From there, it needs low power connection to a smart phone that controls all the functions.  Bluetooth has improved its low power connections and their are other options.  What the watch doesn’t need is a connection to the Internet, let your phone do that. Tissot’s hands move with each function, so if your smart phone detects a timezone change, it could change the time on the watch. While it doesn’t sound important, being able to move any of the mechanical feature of the watch from the app is important. Other needed features would be light and vibration notification, which could use the Touch’s already built-in features. A few LED rings around the face to change the color based on the notification level and a half arch for the LCD screen for text notifications and a separate screen for default and developer made icons, are the only obvious changes.

DeanLogic Smart WatchNo need to build an app to live on the watch. BlackBerry 10 has Cards for interaction from one app to another. The DeanLogic Smart Watch app would only be a headless app with a Card that can be accessed by any app that a developer wants to make connect to the watch. No need to download a SDK to get your app connected.  The watch should have NFC tag on the back for synching to the phone and the headless app. This would help with making a quick and secure connection between the phone and the watch.  Any apps loaded on the phone that use the watch Card would trigger a notification the first time it invoked the Card.  At that point, the user could see what features the app would access and decide to allow or not allow.  If your smart phone doesn’t have NFC, well, you might be wonder about how smart your phone really is.   The Card would have basic features of text, LED, vibrate and the advanced features like being able to set the face hands. The watch would send back information when requested as well, including screen touch to acknowledge notifications. Since the phone app does all the thinking, developers could have an app that tracks body monitors while you do repetitions and then send the count to the watch as a counter using the face hands.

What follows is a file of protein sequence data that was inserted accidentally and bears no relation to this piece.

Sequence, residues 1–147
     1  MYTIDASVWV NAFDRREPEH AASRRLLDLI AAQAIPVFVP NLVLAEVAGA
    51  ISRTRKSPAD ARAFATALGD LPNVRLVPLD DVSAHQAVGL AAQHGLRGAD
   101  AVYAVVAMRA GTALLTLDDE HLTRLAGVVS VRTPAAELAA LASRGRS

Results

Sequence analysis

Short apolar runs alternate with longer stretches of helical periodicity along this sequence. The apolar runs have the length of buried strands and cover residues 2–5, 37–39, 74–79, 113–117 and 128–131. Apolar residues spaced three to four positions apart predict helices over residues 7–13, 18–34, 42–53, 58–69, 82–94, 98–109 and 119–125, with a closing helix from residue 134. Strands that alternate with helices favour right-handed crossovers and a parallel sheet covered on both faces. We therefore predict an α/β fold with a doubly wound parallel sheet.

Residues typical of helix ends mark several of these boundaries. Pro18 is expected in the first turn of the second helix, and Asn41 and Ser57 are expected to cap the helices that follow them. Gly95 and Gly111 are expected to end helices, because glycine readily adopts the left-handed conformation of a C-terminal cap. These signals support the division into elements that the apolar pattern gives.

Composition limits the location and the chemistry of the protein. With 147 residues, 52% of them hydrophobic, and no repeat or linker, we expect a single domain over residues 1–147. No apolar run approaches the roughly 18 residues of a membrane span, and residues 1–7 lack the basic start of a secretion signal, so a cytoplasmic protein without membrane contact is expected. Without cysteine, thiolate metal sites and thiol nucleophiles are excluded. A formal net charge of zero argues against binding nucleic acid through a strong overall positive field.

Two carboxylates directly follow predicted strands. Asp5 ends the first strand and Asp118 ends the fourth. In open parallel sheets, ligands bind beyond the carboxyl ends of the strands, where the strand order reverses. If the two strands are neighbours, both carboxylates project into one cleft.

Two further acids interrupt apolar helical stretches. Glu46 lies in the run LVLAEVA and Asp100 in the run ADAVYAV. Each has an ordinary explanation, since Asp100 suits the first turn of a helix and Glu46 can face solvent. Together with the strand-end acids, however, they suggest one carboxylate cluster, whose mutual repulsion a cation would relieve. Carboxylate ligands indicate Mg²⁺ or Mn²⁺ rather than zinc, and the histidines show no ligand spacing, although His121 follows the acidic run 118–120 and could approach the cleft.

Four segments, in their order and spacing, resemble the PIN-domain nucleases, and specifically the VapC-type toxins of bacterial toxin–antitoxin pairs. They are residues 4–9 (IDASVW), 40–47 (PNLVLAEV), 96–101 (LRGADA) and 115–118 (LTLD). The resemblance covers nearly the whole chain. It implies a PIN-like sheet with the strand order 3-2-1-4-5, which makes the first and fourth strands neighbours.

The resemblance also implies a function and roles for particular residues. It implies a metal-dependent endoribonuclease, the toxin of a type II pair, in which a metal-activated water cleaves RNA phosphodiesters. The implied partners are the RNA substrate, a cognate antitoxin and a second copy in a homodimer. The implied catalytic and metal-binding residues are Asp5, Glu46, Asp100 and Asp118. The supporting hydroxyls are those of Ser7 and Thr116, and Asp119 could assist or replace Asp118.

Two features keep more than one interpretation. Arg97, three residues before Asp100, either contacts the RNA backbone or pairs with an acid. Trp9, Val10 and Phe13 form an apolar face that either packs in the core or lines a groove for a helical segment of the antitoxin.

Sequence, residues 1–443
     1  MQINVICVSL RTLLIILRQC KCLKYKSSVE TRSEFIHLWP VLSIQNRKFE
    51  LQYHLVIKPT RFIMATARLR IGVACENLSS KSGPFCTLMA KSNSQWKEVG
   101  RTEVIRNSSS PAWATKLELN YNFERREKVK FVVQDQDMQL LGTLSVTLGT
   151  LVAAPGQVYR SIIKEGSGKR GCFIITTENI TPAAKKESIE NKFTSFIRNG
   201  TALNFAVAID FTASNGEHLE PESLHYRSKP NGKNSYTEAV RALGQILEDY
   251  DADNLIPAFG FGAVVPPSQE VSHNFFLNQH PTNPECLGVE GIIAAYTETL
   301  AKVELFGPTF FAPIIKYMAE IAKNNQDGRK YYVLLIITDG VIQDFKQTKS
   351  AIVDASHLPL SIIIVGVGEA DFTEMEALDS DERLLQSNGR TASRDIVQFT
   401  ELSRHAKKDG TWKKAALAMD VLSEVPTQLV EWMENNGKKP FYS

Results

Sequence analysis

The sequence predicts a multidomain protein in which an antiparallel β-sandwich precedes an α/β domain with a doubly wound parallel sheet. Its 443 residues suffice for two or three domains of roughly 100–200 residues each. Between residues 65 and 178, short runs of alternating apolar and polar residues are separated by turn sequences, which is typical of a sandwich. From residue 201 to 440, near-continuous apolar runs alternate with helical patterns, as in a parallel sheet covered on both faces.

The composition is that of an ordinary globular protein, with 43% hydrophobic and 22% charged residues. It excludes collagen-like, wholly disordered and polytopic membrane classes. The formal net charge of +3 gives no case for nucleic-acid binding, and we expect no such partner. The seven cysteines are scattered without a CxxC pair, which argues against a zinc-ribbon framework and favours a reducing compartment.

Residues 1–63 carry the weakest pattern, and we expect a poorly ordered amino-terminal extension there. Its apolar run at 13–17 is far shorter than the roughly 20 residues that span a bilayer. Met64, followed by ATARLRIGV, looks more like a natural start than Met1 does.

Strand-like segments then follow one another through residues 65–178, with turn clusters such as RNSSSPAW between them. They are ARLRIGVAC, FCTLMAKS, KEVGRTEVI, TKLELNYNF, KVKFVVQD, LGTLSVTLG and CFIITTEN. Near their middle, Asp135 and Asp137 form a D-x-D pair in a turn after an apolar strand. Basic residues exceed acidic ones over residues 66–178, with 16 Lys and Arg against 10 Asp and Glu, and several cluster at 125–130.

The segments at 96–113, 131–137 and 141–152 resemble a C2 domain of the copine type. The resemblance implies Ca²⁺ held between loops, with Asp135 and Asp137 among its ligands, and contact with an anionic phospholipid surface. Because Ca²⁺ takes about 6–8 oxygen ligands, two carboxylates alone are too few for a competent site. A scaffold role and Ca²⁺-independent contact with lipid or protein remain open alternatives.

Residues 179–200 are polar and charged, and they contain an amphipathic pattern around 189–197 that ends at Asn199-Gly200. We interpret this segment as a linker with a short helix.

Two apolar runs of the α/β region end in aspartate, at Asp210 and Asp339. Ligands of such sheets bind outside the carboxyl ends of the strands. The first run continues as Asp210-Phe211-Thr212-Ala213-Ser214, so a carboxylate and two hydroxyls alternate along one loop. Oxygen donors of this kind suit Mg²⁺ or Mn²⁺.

The most important part of the control of the watch, it should be “open”.  When I read that Android Gear won’t be compatible with iPhone, Windows or BlackBerry, that just angers me.  There is no reason to limit an accessory to one phone OS.  If you make the watch well enough, you might have imitators, but you will always win over those who don’t want cheap knock-offs.  And if you open it up to any phone (or, what I would call the master controller) connection, then you don’t have to worry about one phone falling out of favor and then losing all of your possible customers.  If the connection from the phone to the watch is secure and simple, then the commands should be readily accessible without the need for SDKs.

It probably would have been better for one of the phone companies to purchase one of the watch companies.  This would have helped keep things in perspective.  For now it is up to the body sensor people to keep pushing out their gadgets so that people don’t feel that the smart watches are the be all in wearable smart devices.

Full disclosure: I typed up to 1000 words of this article on my Z30 before opening it up on my PC. I added the majority of links and photos but, at that point, I couldn’t resize the inserted photos properly and I needed a bigger screen to see the entire story. I did created the final image on my PC as there isn’t an app to do it on my Z30 and I doubt it would have been much fun trying.  I love my Z30, but sometimes you need a PC.